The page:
The BBL programme is fundamentally about self-determination, encouraging and enabling people to believe in their God-given ability and talents to implement their own dreams through own effort.

  • 1

    The BBL starts off by enabling people living in poverty to address their most basic needs first, i.e. the need for food and livelihood security.

  • 2

    Participants can progress at their own preferred pace and stage, from:

    Being able to supply their immediate basic needs;
    To producing excess of commercial purposes;
    To developing as business owners; and
    Grow to become employers in their own right.

  • 3

    SocioTech’s approach focuses on developing persons, rather than things: we believe in developing a person’s ability to establish and manage their livelihood activities and businesses, rather than develop an entity, or large piece of infrastructure that too often fail to empower people, and become white elephants and objects of conflict.

  • 4

    For maximum impact on the poor, our process starts with people at the bottom of the socio-economic pyramid to help them discover avenues out of poverty that suit their circumstances and preferences, enabling them to grow into meaningful economic activity in their lives.



Designed to be sustainable from the bottom-up.


Offers broad-based solutions, at scale and with measurable impact.


Focuses first on those that need it most, i.e. the poorest of the poor.


It is local economic development which empowers people, not things.


It is inclusive: it is possible for anyone and everyone who is willing to put in the effort to participate and success; thereby creating equal opportunity to remove grounds for jealousy.


Easy to get going and free to grow: simple, uncomplicated opportunities allowing easy entry for any individual, family or business, and with unshackled potential for growth.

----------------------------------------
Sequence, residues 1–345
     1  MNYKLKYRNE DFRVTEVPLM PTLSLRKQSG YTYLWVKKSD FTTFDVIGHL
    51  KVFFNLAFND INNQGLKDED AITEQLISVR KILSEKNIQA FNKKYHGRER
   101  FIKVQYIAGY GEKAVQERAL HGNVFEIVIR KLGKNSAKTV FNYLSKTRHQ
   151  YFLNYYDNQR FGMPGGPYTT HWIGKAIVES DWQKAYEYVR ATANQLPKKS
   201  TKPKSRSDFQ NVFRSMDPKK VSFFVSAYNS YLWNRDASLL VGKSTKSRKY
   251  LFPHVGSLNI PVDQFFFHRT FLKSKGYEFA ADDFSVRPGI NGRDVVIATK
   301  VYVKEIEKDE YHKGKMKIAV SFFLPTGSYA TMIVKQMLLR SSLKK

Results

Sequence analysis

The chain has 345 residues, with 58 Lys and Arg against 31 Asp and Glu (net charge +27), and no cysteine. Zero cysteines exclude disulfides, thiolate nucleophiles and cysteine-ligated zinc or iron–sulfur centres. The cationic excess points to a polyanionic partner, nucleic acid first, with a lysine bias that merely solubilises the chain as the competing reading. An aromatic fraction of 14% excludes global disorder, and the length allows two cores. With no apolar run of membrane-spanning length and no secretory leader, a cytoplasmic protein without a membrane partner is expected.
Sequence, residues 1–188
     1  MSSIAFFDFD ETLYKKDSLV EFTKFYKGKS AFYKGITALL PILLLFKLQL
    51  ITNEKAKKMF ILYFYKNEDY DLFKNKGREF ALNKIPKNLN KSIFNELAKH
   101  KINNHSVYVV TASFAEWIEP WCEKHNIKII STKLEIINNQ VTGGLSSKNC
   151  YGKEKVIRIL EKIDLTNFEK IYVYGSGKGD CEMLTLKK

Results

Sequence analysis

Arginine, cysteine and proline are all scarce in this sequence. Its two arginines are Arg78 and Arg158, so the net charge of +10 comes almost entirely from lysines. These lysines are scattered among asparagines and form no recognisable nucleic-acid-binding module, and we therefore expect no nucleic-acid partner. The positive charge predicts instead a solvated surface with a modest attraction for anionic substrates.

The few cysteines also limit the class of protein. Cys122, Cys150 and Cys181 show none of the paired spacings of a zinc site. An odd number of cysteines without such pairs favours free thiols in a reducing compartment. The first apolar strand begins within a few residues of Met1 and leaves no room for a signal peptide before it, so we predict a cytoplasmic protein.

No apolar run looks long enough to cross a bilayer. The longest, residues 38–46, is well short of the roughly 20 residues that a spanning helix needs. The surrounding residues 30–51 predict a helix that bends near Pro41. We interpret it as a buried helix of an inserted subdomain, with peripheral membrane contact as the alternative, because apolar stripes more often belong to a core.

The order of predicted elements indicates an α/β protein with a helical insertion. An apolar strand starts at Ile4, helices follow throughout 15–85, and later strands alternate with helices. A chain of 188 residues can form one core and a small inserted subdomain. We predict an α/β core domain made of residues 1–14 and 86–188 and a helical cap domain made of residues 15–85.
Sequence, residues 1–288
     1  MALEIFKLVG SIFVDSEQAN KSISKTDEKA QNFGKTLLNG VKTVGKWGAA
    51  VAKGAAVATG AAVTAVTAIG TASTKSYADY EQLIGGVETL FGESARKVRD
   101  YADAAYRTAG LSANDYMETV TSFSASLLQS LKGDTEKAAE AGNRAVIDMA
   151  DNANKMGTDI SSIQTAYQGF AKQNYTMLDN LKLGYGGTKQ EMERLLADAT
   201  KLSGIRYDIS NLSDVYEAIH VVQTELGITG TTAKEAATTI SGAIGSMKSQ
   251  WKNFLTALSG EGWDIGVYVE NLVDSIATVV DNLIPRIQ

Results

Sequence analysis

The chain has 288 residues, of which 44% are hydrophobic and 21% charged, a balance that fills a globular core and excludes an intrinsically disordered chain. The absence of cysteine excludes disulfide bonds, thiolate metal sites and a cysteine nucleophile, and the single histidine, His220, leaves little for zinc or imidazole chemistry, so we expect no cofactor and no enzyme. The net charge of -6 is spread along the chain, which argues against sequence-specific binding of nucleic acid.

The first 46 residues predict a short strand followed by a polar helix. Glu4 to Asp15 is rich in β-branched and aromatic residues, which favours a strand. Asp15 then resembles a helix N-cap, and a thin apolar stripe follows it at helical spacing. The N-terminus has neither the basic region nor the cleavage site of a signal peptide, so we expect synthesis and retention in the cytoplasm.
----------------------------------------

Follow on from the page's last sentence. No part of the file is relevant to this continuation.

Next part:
No exit plan needed: by enabling every participant to have personal control of every aspect of their undertaking from Day One. Free to "wait for no-one". 


No dependence created: the BBL implementation approach is to never take the reins, but it builds in regular and long-term interaction to guide, encourage and open doors as and when needed. 

The Broad-Based Livelihoods Programme aims to:

Equip people to create pathways out of poverty;

Benefit the masses (broad-based) to create real and meaningful ways to access the economy through productive activities, to independently and sustainably generate income for them and their families (livelihoods);

Provide an enabling environment for participants to implement entrepreneurial and business management skills and eventually become job creators themselves (entrepreneurial and income);

Reach as many people as possible, including a deliberate focus on the poor and historically disadvantaged (empower the excluded);

Be primarily a facilitation, training and mentoring programme – focused on technical skills transfer, the development of basic business acumen, the nurturing of entrepreneurship and creation of diverse economic opportunities.

The Broad-Based Livelihoods (BBL) Programme stimulates creativity and uptake of sustainable livelihoods and income creation opportunities by interested families in the host communies.

The BBL is designed to respond to multiple livelihoods options e.g. food production, organic agriculture, livestock farming, and diverse options for income creation, business development, career and personal development, youth development.

Key objective is to develop the local social and economic base of people living at the bottom of the pyramid, and improve access to sustainable economic opportunities for all, enabling them to achieve increasing benefit driven by their own effort.

The BBL programme is open to anybody who wants to participate and who wants to develop / improve their livelihoods and household situation.

In order to increase diversity, sustainability and resilience, the BBL promotes independent family or individual participation in production where possible, rather than group-based/communal production. The principle of subsidiarity emphasises that decision-making and control should always reside at the lowest practical level; and that only actions that rely on collaboration should be subject to joint decision-making structures.

It is important to monitor and measure the systematic response and outcomes in terms of local economic development from the BBL programme, so as to respond to and strengthen local ideas and creativity.